Springfield State Journal Register

April 30, 2005

Pentagon: No veto on Guard bases
Illinois officials insist governor can keep 183rd in Springfield


WASHINGTON - The Pentagon has told the nation's governors that, contrary to the views of Illinois' chief executive, they do not have a veto over what the Base Realignment and Closure process does with National Guard units in their states.

But Illinois officials insisted Friday that the law is on their side.

Gov. Rod Blagojevich and members of the state's congressional delegation - including House Speaker Dennis Hastert, a Republican - sent a letter to Defense Secretary Donald Rumsfeld in March arguing that federal law prohibits the military from closing or moving a Guard unit without the governor's permission.

In a tactfully worded response and in a spokesman's statements, the Pentagon said they are wrong.

The resolution of the legal dispute, which could move into the federal courts as the base closure process proceeds, could have significant impact this year because of heavy use of the Guard and reserves in the war on terrorism.

Because of their need to use the part-time warriors in Afghanistan and Iraq, the services are looking at more closely aligning the reserve and active forces, which could mean housing the units closer together.

That is particularly true for the Air Force, which is planning to make significant cuts in its force, particularly its F-16 fighters and C-130 transports, and wants to merge more of its active and reserve units. Many of those airplanes are in the Air National Guard and Air Force Reserve.

Those signals in advance of the upcoming base closure round have made Illinois officials anxious about the fate of the 183rd Fighter Wing at Springfield’s Abraham Lincoln Capital Airport and the 182nd Airlift Wing at the Greater Peoria Regional Airport. The 183rd flies F-16s and the 182nd flies C-130s.

In an attempt to shield those units, Illinois officials cited a section of federal law that says Guard units may not be “relocated or withdrawn under this chapter without the consent of the governor of the state.”

But a letter that a Pentagon spokesman said had been sent to Blagojevich and members of Congress said that for BRAC to “achieve our objectives” the process “must involve all of our installations, including those used by the reserve component. Please be assured that the Department’s BRAC recommendations will comply with all applicable legal requirements.”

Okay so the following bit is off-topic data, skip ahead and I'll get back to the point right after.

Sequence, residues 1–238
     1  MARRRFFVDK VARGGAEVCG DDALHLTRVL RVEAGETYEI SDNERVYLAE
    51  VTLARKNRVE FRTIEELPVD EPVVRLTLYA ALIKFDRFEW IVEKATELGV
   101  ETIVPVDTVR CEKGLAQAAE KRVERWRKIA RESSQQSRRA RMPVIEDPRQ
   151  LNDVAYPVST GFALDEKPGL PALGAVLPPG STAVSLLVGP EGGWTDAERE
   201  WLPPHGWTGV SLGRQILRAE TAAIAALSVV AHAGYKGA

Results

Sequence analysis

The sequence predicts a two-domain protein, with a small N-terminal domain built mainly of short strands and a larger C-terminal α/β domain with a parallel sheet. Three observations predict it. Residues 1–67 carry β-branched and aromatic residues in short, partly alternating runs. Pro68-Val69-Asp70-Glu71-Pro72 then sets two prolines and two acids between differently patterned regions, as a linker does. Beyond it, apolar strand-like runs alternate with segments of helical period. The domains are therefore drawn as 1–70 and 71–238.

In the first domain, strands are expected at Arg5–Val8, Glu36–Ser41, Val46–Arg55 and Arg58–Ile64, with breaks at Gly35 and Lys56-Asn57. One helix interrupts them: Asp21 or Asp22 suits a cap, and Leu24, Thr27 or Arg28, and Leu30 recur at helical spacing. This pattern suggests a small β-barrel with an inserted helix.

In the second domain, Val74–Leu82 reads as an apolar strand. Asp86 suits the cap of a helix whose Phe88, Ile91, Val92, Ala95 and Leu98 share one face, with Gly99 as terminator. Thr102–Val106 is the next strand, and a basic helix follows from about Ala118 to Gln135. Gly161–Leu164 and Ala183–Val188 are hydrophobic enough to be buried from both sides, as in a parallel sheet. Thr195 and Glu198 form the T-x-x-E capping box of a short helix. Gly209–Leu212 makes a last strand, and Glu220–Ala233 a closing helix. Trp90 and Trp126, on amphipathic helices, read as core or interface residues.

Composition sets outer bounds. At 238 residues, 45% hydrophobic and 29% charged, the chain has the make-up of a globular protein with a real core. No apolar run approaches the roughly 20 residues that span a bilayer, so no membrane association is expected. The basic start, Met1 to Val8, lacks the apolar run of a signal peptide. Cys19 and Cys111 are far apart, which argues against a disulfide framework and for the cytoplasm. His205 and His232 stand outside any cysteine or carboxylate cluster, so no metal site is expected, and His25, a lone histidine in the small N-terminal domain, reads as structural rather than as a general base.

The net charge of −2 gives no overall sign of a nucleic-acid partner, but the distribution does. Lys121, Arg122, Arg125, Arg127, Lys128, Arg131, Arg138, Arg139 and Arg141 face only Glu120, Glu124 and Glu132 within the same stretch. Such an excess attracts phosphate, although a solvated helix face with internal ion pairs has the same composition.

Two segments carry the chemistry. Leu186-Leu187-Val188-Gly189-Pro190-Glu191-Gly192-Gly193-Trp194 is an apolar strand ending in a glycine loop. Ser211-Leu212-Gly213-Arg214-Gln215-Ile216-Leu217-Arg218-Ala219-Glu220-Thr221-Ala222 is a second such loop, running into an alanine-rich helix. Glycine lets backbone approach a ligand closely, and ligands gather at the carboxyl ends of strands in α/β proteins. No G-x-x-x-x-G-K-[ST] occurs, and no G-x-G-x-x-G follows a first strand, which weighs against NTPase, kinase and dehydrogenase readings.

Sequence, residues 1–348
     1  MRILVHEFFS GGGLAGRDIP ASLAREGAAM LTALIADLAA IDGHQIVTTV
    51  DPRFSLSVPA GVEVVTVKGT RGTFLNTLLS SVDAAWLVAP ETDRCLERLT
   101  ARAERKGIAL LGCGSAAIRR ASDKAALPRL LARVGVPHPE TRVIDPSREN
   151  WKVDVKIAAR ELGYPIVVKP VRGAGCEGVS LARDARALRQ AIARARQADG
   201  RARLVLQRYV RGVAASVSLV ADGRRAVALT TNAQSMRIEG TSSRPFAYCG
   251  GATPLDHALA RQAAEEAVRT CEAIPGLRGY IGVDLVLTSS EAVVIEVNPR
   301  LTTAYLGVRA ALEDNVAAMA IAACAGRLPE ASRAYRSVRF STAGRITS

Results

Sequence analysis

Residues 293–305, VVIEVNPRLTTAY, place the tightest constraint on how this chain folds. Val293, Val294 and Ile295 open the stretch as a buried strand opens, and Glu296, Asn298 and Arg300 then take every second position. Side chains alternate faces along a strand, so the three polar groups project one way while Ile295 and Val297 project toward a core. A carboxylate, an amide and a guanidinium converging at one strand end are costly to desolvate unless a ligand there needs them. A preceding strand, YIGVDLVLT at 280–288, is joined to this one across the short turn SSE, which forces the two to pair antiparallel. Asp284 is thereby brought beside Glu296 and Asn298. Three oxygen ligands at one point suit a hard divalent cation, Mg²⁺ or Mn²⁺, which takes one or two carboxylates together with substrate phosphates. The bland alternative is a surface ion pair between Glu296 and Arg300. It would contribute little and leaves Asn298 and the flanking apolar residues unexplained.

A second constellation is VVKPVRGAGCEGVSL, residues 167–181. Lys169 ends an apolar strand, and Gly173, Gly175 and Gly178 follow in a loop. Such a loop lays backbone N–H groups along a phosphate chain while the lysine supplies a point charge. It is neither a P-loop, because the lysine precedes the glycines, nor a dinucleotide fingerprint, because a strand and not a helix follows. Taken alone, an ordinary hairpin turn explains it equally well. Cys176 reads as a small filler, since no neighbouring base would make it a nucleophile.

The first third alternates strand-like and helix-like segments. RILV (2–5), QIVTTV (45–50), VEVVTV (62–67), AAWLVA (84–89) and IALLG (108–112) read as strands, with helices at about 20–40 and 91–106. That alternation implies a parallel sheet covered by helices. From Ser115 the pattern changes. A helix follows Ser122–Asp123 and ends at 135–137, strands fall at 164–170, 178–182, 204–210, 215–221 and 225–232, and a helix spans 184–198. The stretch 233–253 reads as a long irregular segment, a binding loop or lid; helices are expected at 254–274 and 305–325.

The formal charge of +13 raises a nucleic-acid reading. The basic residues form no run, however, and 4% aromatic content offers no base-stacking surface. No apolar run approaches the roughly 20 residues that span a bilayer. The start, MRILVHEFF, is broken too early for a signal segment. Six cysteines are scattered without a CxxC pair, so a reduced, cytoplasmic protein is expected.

A Pentagon spokesman and a BRAC expert for the Congressional Research Service both said Friday that the law cited by Illinois officials does not apply to BRAC and does not prohibit the Pentagon from relocating National Guard units.

Although the letter, which was signed by Michael Wynne, the undersecretary for acquisition, technology and logistics, was dated April 12, the signers of the Illinois letter said Friday they had not seen the response.

“The bottom line for me is, I have not received a letter. I don’t believe the letter was sent,” said Rep. Ray LaHood, R-Peoria. “I sent them a letter citing a provision of the law. ... I’m expecting a response from the secretary of defense.”

Angela Benander, spokeswoman for Sen. Dick Durbin, D-Ill., said his office had not receive Wynne’s letter and stood by the delegation’s legal opinion, which she said was approved by the state attorney general.

Benander also cited several cases in previous closure rounds in which Air National Guard bases were closed, only to be restored in the subsequent BRAC, which she said was a result of the legal barrier.

But the records of the four previous BRACs shows at least five Air Guard facilities that were closed and the units moved elsewhere.

In none of the cases in which Guard closures were reversed did the commission report cite any legal restraint, and the 1993 commission specifically recommended moving reserve units onto active bases.